Deforestation caused three times the natural average of fires in the Amazon

The fires that raged across the Bazilian Amazon were far from normal, despite what the local government would have you believe.

Satellite image of the Amazon on fire, taken by MODIS between 15-22 August 2019.
Image credits by Joshua Stevens / NASA Earth Observatory.

While the Amazon fires made headlines across the world, and galvanized public outrage and activism this summer, the Brazilian Government claimed that they were ‘normal’ for August and ‘below the historical average’. A new study shows that this is, basically, an outright lie — and that government-backed deforestation could be the cause.

According to the findings, the number of active Amazon fires in August was three times higher than in 2018, and the highest number seen since 2010.

Ample blaze

“The marked upturn in both active fire counts and deforestation in 2019 therefore refutes suggestions by the Brazilian Government that August 2019 was a normal fire month in the Amazon,” says Professor Jos Barlow, lead author of the paper.

The team reports that, although fires in the Amazon can start in a number of ways, they found strong evidence in support of deforestation fostering the 2019 fires. The researchers used data collected from the Brazilian Government’s DETER-b deforestation detection system, which calculates deforestation by interpreting images taken by NASA satellites.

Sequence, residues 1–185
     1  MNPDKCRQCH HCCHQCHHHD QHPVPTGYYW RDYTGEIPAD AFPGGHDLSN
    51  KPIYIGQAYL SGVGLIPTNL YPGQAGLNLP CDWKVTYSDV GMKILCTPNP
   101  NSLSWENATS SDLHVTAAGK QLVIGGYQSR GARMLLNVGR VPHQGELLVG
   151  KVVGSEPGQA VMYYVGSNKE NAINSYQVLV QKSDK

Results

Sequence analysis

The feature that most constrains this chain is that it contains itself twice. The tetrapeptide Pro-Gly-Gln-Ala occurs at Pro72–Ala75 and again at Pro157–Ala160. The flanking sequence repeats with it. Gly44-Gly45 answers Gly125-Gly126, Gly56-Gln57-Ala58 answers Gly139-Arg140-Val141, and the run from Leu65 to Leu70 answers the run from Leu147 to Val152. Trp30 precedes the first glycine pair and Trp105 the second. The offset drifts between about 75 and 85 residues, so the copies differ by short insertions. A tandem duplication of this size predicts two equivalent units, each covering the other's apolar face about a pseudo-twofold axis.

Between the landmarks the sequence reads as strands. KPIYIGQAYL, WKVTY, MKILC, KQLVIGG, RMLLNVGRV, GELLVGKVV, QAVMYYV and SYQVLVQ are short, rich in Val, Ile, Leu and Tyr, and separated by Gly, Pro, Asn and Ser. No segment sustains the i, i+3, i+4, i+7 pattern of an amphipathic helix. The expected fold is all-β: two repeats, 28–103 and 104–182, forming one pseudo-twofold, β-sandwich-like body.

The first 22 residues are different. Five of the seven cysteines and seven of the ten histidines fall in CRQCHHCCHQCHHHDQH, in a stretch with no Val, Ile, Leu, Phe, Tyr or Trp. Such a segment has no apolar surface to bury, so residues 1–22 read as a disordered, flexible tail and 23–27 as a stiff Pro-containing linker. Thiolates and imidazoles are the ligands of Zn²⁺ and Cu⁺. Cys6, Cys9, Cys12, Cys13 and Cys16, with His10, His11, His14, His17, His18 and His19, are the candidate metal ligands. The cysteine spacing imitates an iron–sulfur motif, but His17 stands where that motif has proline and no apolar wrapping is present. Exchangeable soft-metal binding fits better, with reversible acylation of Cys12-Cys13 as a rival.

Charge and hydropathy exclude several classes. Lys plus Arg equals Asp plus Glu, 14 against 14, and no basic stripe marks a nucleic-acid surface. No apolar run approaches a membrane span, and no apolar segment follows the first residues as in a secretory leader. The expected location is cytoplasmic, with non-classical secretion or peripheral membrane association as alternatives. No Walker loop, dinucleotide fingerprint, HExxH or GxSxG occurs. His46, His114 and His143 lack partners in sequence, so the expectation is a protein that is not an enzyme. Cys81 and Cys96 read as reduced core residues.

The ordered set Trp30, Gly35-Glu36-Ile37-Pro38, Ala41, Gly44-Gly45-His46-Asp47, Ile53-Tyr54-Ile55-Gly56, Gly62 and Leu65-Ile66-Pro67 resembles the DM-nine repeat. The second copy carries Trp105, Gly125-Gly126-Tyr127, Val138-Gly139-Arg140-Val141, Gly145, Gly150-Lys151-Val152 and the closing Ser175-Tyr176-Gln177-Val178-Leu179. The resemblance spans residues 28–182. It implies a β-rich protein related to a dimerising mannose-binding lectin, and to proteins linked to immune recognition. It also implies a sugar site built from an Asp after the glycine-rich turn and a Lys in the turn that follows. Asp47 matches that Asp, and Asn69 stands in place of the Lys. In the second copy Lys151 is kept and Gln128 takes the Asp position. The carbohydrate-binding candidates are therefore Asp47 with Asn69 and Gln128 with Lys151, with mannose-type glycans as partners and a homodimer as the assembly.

In July of 2019, the Brazilian Amazon saw four times as much deforestation by area as the average for the same period over the previous three years. The team explains that deforestation is almost always followed by fires, as cut vegetation is left to dry before being burned.

“Brazil has for the past decade been an environmental leader, showing to the world that it can successfully reduce deforestation. It is both economically and environmentally unwise to revert this trend,” adds Professor Barlow.

The link between deforestation and fires is strengthened by the fact that the August fires occurred in a period without a serious drought, which foster wildfires. The team further explains that the tall smoke plumes released by the fires strongly indicate that they were generated by large quantities of burning biomass. As the Amazon rainforest is a very wet environment, this strongly points to cut-and-dried plants as their likely fuel.

By September, the team writes, the number of active fires decreased by 35%. Although President Bolsonaro instituted a two-month moratoria on fires prior to this drop, the team is unsure whether the decline was due to the decision itself or due to heavy rains that occurred in that period. Still, the number of fires alone doesn’t accurately capture the full extent of the damage; the team explains that while the number of fires was counted, their extent was not.

“Our paper clearly shows that without tackling deforestation, we will continue to see the largest rainforest in the world being turned to ashes. We must curb deforestation,” says Dr Erika Berenguer, a co-author of the study.

The paper “Clarifying Amazonia’s burning crisis” has been published in the journal Global Change Biology.

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